Tuesday, February 25, 2014

40% of IT Security Jobs Will Be Unfilled This Year, Yet Women Still Not Joining Workforce in Numbers

"The evolving threat landscape is driving the need for increased security support and protection within organizations, as highlighted by the IT Security Jobs Study. To gain a clear understanding of what the IT security jobs landscape looks like moving into 2014, and to identify the key challenges the industry is facing in filling and maintaining security roles within organizations, the Ponemon Institute surveyed more than 500 human resources and IT security specialists. 

Key findings from the study include:
  • The IT security jobs market will be 40 percent vacant in 2014. Furthermore, 58 percent of jobs at the supervisory level remain unfilled, with 56 percent of organizations surveyed reporting that they do not have a chief information security officer (CISO) as part of their C-suite.
  • IT security professionals don’t have a clear professional development track. Only 32 percent of organizations view IT security as a career path, which may discourage candidates from entering the field.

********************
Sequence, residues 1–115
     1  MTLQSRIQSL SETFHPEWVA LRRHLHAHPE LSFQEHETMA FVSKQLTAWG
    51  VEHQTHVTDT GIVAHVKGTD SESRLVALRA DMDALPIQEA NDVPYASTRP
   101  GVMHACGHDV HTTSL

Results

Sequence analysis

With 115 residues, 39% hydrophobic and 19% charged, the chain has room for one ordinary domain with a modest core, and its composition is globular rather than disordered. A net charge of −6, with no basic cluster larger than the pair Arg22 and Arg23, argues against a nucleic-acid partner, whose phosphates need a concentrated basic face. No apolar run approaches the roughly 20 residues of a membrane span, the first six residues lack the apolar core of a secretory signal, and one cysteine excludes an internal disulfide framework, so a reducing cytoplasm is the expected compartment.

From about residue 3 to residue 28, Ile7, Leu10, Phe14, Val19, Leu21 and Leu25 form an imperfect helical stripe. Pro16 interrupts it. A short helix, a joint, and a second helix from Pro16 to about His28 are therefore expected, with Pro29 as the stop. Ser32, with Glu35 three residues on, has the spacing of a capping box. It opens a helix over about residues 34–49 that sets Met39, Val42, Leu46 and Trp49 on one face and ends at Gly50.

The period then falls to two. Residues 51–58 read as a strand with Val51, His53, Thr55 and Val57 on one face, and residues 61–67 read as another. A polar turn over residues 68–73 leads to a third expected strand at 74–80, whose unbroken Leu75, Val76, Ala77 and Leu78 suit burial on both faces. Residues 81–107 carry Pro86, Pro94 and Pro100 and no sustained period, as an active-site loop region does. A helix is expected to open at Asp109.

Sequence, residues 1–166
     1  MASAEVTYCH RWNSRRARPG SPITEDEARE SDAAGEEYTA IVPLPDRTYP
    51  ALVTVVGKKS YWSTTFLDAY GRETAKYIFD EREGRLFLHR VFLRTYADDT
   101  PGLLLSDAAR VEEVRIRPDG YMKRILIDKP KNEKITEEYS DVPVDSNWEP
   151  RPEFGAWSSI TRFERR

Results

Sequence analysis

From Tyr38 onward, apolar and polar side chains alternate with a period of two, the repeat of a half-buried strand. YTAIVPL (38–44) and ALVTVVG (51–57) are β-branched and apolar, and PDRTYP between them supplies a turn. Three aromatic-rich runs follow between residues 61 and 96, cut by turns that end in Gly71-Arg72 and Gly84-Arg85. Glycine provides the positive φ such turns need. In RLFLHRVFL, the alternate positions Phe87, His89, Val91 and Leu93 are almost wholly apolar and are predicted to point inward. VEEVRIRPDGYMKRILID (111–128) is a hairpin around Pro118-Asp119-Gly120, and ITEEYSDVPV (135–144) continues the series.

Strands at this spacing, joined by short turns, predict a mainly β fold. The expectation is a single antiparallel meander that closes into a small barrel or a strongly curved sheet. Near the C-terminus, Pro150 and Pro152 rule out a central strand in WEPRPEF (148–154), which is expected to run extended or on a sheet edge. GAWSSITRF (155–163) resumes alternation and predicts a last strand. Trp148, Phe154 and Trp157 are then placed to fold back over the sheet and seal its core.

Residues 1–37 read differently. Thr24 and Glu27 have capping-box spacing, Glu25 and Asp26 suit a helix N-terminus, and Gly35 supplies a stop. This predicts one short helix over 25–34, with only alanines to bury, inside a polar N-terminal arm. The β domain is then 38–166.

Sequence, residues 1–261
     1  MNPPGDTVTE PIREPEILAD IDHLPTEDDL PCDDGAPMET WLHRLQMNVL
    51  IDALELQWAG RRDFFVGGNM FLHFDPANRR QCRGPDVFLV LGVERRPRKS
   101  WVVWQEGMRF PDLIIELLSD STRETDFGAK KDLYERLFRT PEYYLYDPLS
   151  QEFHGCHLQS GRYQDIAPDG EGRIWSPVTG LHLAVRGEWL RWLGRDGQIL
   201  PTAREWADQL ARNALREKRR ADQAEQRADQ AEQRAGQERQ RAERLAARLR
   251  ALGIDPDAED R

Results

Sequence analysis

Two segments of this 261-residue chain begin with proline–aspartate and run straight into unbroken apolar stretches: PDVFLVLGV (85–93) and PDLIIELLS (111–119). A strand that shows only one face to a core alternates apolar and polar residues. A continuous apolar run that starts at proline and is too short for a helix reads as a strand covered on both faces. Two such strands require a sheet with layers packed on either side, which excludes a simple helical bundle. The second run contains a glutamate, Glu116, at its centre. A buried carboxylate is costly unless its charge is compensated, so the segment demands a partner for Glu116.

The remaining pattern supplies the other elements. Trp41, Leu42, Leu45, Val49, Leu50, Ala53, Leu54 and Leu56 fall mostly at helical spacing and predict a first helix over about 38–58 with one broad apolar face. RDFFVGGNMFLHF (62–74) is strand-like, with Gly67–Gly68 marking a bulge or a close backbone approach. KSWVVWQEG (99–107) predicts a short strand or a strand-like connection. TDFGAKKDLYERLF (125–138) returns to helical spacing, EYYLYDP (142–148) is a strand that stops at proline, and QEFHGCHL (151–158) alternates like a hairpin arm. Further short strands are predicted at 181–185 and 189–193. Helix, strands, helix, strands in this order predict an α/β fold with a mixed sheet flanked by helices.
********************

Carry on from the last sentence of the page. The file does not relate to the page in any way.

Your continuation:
• Degree programs are important for IT security candidates. The completion of a recognized college or graduate-level degree program is important to the hiring process for 84 percent of organizations—and essential to 14 percent.
  • Hiring packages may be missing features needed to attract quality candidates. Fifty-one percent of IT security employees are paid more than other IT employees—yet 43 percent of respondents indicated that the main reason for high vacancy rates in security is the inability for organizations to offer a competitive salary.
  • Senior IT security jobs are difficult to fill, leaving organizations with a lack of highly skilled security professionals. On average, it takes five months to fill a staff-level position, but it takes nine months to a year to fill a senior-level position.
  • On average, women only make up 20 percent of the information security workforce. The Ponemon Institute has tracked female IT security survey respondents since 2005, and has only seen an 8 percent increase:"
  • http://www8.hp.com/us/en/hp-news/press-release.html?id=1581488#.Uw1BcPldXTp

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